IT was the day before Christmas, and for the first time in quite a while Harry Morgan was barely stirring. His latest TV series, "Blacke's Magic," was taking a holiday from its hectic shooting schedule, and there was time to reflect on what the new show has to offer, as well as on the fruits of a career largely spent playing second banana to some of the best in television's bunch.
The current top guy in his life is Hal Linden, who plays magician Alex Blacke. Morgan is Alex's father, Leonard.
"They tell me there's good chemistry between us," said Morgan, "and that's important -- witness 'M*A*S*H.' They even had a chemist from UCLA come over to test the show."
Should a chemist actually come to the set and analyze Morgan, it would be obvious what kind of chemical agent Morgan is: He's a catalyst. He is an actor who makes the top-billed star look good, steals a few harmless scenes for himself and facilitates the reactions and interactions of a show's other players.
He has played that role in more than 100 films ("High Noon," "What Price Glory?" "The Glenn Miller Story," "The Shootist," "Support Your Local Sheriff") and in nine television series.
In his 10th series, he plays a man quick with a wisecrack, a veteran of the carny circuit who will leave you wondering for a time just what kind of man he is. Turning down an invitation to join his son at a dinner, he quips, "I've got pigeons to pluck Saturday night."
"He's a low-grade flim-flam man," said Morgan of Leonard Blacke. "He's been in jail. He's a con man. Sort of a rascal."
Linden is the show's main figure, a retired illusionist enlisted by the authorities to help solve crimes in which how it was done is as interesting a mystery as by whom. Linden carries the show, with Morgan offering his customary assist. The series opens with a two-hour pilot episode Sunday at 9 on NBC and then moves to its weekly timeslot at 9 Wednesday.
"I don't have as much riding on it as he does," said Morgan. "My approach is more casual. I wouldn't call it indifference, because I try as hard as I can."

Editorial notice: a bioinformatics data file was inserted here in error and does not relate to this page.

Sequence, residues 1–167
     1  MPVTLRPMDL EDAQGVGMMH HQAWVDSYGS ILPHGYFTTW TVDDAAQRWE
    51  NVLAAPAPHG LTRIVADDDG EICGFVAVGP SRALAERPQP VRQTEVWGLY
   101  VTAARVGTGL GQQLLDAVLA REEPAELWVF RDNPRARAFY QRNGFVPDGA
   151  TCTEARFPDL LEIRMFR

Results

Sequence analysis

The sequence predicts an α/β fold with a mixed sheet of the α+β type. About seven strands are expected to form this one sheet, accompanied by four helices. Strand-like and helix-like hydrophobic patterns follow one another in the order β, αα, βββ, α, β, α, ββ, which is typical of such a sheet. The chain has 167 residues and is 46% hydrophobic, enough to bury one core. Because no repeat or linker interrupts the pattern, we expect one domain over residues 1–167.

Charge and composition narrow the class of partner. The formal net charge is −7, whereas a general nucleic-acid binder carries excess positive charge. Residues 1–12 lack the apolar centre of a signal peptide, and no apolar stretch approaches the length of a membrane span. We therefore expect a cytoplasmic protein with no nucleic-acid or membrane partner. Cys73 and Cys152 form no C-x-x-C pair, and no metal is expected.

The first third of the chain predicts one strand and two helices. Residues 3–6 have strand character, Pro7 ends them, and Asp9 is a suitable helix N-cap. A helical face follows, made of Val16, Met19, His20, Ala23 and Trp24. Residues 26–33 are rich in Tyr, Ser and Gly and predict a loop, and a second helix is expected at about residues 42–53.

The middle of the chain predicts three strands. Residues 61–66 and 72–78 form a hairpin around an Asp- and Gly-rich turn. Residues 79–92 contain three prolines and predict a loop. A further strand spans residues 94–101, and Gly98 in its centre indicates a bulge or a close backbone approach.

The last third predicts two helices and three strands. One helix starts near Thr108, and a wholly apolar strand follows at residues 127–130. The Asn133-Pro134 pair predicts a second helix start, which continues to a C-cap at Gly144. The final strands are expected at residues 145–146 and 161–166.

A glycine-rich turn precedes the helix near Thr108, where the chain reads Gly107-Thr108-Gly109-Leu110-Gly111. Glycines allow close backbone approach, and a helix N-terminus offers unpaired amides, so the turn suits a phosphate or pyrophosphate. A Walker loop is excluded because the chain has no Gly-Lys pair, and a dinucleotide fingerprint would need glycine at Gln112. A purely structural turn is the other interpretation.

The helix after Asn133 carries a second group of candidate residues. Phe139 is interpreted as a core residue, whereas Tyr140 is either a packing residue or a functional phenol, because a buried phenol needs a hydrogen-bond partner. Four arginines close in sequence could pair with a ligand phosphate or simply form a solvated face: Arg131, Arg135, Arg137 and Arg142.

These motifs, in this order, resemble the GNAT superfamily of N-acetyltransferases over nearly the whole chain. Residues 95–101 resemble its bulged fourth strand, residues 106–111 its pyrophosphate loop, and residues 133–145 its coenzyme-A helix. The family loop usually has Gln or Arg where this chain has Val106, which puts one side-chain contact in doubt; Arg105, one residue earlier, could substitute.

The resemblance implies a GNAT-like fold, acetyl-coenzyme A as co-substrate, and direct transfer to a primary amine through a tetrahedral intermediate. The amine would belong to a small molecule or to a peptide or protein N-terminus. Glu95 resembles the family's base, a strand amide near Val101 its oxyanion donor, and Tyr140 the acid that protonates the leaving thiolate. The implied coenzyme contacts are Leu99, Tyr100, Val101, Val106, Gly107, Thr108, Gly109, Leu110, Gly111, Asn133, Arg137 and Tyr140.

Morgan has worked with several dominant series leads and recalls the associations with relish. Richard Boone ("The Richard Boone Show," "Hec Ramsey"), Jack Webb ("Dragnet") and Alan Alda ("M*A*S*H") were all in their ways strong-willed TV men with a firm idea of how to do things. "They weren't fearful of competition, and they handed you some of the juiciest things in the show," said Morgan. Linden is showing signs of being the same kind of guy.
In one "Blacke's Magic" segment, he and Linden set off to find a place important to Leonard Blacke and to Alex's mother. "We go back to find some fairgrounds, to find the spot where I proposed," said Morgan. "It gets kind of emotional. It's a hell of a scene. And it's all mine. Hal didn't object a bit."
In creative terms, the show is a cousin to the highly successful "Murder, She Wrote." Its executive producer is Peter S. Fischer, who holds the same job with "Murder." The series was created by Fischer, Richard Levinson and William Link, who are responsible for Angela Lansbury's hit. This trio seems to know something about assembling a murder mystery series with a middle-aged-and- beyond cast. Like "Murder, She Wrote," "Blacke's Magic" is a solve-along, with viewers knowing no more than the Blackes do about who did it and how.
To keep a mystery plot moving along, at the same time being somewhat funny and light-hearted, puts a strain on TV writers, a burden that was apparent in the first season of "Murder, She Wrote." "The endings," where all the pieces fall into place, "are hard to make consistent," said Morgan. "It's true on 'Murder, She Wrote,' and it's true on our show too."